A coalition of consumer and public interest groups last week called on Congress to ban commodity index funds and exchange-traded commodity funds because they say these vehicles have helped fuel higher energy prices, according to a Reuters report. 

The target of the group's collective ire was their perception that Wall Street speculation has artificially jacked up oil and gasoline prices. Their complaints are part of the ongoing debate about whether the $300 billion that institutional investors have put into the commodity markets during the past decade has boosted volatility and created price spikes.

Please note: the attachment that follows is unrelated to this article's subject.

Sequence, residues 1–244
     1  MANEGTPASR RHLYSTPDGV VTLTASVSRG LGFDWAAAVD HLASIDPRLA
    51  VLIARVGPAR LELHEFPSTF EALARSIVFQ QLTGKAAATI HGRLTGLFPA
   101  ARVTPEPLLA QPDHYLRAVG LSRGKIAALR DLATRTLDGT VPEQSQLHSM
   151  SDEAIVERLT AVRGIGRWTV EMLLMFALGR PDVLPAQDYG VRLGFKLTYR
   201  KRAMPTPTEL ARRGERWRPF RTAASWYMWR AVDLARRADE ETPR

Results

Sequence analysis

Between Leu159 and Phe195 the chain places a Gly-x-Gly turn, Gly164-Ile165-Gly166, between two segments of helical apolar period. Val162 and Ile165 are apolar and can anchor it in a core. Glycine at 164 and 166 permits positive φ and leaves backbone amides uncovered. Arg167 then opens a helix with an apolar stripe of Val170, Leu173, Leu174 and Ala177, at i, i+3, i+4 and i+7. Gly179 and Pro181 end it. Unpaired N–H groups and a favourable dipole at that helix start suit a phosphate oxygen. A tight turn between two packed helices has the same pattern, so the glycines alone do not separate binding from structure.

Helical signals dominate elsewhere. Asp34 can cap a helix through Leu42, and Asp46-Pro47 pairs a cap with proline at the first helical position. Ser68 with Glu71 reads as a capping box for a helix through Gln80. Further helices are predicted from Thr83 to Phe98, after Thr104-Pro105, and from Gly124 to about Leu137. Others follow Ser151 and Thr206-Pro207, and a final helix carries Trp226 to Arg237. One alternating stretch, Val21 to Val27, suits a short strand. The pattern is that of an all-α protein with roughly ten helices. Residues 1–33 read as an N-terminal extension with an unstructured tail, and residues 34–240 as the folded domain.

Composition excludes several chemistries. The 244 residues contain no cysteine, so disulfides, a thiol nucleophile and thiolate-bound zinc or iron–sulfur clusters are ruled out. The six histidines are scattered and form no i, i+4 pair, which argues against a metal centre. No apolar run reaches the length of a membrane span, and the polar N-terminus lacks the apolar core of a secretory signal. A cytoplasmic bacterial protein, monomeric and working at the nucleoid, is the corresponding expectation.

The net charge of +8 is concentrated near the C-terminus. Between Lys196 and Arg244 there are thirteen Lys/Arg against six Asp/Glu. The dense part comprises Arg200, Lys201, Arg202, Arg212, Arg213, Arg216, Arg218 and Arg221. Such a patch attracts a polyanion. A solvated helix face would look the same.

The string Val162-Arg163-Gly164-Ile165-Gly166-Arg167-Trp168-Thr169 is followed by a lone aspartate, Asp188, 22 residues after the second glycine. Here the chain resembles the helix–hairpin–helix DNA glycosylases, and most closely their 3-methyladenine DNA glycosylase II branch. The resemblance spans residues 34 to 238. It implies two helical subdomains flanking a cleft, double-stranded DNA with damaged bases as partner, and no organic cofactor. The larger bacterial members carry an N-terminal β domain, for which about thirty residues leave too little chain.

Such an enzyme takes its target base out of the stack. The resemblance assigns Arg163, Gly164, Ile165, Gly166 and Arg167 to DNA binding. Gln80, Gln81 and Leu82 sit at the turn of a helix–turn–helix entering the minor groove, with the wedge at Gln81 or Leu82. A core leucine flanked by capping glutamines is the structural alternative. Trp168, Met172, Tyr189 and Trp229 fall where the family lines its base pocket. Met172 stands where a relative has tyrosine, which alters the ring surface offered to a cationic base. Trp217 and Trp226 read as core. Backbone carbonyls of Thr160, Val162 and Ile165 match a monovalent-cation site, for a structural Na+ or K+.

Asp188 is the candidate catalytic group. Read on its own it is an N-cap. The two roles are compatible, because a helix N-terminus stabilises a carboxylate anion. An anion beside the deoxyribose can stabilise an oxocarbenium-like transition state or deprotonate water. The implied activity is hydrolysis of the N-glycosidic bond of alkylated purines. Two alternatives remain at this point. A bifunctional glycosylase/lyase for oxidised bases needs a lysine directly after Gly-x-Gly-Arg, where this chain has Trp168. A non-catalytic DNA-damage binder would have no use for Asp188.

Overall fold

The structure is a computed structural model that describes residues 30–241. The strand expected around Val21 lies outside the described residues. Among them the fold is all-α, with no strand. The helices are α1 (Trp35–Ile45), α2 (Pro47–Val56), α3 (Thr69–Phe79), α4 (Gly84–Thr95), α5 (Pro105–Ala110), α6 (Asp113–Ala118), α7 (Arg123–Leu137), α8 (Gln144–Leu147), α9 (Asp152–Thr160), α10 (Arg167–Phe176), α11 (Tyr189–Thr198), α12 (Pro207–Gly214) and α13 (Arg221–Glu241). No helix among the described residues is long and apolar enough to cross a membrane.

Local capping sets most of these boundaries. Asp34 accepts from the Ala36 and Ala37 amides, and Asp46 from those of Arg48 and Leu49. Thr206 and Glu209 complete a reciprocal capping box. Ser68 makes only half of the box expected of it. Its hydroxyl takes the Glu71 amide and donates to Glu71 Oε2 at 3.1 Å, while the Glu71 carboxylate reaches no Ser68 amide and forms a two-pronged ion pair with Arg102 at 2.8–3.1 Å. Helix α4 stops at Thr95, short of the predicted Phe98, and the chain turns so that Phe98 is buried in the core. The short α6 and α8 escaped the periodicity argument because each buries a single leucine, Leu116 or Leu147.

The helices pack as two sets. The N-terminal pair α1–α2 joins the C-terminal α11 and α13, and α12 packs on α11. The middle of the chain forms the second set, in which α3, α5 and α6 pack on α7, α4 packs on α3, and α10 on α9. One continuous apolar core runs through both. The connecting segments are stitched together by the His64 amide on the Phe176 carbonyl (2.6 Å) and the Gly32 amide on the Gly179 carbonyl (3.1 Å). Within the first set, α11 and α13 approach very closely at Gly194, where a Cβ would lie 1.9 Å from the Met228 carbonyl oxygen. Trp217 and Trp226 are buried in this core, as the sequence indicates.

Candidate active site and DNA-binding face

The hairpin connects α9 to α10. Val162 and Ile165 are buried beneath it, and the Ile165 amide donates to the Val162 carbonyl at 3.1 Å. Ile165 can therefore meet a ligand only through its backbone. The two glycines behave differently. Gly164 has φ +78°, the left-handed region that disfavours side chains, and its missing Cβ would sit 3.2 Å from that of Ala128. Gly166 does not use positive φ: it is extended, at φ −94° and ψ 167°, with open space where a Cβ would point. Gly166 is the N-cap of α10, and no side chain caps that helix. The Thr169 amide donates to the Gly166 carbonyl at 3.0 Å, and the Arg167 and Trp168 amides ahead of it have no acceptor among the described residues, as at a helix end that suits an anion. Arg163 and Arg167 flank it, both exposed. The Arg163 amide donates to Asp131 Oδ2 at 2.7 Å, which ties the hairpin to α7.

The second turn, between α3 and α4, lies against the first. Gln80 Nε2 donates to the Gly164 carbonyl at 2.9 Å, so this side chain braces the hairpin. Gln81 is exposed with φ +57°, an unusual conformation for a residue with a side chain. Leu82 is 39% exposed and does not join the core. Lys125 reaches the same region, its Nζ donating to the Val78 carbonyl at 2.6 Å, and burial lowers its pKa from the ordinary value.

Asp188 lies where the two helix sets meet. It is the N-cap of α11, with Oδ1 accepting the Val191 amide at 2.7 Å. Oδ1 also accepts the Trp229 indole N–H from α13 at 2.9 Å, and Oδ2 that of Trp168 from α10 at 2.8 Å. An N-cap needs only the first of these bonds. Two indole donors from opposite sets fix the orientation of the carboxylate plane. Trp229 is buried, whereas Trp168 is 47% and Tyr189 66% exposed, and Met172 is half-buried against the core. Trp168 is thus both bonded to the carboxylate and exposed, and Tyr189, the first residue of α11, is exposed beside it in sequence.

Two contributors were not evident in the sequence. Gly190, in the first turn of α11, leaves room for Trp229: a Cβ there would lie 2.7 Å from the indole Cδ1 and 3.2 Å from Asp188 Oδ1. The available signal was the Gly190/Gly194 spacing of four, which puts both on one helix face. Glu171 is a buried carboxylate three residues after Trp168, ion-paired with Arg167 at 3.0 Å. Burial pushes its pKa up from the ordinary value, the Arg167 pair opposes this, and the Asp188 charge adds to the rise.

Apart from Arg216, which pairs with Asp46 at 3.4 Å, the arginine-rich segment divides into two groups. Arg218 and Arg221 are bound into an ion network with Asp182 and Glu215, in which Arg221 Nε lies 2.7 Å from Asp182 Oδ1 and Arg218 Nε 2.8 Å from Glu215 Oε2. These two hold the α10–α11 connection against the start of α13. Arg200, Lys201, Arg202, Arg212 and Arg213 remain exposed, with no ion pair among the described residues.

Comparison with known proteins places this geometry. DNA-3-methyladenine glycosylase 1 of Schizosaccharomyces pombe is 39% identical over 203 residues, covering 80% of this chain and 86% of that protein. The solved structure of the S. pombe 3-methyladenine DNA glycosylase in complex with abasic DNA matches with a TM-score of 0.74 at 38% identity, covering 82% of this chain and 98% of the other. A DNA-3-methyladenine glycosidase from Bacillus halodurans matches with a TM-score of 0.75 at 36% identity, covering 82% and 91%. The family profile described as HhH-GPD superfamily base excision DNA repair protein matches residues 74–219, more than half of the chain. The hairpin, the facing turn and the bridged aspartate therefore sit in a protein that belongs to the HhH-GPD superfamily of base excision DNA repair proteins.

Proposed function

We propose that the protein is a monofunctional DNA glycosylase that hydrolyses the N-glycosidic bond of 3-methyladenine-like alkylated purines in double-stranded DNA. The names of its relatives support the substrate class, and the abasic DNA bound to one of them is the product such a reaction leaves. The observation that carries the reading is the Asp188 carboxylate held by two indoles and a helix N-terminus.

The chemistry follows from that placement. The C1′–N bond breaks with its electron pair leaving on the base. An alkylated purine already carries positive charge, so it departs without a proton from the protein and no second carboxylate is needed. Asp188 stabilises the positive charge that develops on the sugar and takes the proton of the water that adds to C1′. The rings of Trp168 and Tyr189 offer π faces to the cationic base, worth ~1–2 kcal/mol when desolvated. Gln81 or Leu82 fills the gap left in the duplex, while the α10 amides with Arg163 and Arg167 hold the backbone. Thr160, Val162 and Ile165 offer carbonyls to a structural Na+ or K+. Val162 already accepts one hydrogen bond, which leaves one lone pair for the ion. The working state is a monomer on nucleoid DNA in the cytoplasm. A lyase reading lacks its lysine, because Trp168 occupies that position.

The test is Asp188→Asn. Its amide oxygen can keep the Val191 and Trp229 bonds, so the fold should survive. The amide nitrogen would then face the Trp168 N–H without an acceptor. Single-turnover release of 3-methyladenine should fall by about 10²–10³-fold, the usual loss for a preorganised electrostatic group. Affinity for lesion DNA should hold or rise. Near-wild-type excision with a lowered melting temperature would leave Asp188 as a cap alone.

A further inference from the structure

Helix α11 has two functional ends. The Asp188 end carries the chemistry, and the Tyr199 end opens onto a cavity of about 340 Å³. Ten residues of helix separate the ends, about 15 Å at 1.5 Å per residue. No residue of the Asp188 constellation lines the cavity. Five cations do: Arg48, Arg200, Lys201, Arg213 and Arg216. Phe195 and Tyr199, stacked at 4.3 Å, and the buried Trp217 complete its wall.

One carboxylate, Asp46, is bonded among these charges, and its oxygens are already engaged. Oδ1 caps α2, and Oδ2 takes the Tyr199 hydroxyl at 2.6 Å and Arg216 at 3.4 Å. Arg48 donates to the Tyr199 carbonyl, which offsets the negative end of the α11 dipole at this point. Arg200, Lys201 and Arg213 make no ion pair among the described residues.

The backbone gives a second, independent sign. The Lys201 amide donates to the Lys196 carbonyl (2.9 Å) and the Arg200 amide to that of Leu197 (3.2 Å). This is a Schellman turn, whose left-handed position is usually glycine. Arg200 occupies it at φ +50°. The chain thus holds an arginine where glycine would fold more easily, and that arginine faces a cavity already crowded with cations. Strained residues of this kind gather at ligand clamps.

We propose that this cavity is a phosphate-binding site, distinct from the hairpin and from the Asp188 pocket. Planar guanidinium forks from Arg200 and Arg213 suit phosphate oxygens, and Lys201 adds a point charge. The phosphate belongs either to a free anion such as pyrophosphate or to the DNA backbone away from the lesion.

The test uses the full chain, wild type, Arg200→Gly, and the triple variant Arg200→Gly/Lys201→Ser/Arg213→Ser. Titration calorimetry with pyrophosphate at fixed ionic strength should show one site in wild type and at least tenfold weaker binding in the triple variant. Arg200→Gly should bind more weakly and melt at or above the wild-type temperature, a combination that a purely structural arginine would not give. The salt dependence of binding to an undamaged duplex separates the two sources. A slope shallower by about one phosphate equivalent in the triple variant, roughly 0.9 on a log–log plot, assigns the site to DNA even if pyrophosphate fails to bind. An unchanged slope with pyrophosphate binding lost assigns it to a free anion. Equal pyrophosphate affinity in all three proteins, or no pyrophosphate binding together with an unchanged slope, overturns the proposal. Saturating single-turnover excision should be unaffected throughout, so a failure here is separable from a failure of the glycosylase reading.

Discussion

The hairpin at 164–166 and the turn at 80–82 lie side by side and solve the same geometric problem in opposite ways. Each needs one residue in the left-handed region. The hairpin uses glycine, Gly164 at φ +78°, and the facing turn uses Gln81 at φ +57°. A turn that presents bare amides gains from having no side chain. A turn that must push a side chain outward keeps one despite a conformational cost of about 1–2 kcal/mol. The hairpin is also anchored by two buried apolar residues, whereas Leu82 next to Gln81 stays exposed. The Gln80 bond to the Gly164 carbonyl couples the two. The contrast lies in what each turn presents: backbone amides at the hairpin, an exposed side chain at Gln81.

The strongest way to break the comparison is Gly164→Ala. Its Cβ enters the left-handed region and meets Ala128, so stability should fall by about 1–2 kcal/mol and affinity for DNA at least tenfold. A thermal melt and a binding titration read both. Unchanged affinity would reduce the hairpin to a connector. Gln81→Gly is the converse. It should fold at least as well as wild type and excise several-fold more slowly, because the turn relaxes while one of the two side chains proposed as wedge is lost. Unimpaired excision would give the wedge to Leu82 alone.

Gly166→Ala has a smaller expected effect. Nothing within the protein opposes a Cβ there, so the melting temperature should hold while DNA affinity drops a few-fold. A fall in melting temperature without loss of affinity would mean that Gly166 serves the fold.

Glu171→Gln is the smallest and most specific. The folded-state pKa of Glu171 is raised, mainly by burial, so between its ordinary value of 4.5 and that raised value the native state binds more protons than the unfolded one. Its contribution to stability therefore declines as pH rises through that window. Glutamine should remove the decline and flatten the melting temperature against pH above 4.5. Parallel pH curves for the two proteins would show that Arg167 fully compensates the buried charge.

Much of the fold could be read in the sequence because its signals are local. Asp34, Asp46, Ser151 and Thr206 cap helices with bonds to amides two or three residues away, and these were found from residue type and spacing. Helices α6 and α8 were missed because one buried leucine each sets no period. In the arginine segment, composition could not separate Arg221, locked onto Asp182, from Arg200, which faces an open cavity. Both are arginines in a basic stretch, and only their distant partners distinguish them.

"The answer to the heart breaking and economy breaking high gas prices is to stop by Act of Congress the roughly half trillion dollars of gambling on the upward direction of those prices by Wall Street speculators disguising those bets through the use of commodity index swaps and exchange traded commodity funds," Michael Greenberger, a law professor at the University of Maryland and a former official at the Commodity Futures Trading Commission, told House Democratic Leader Nancy Pelosi and other top House Democrats at a policy hearing on Wednesday.

Greenberger was joined by officials from Americans for Financial Reform, the Consumer Federation of America and Wallace Turbeville, senior fellow at Demos and a former Goldman Sachs executive.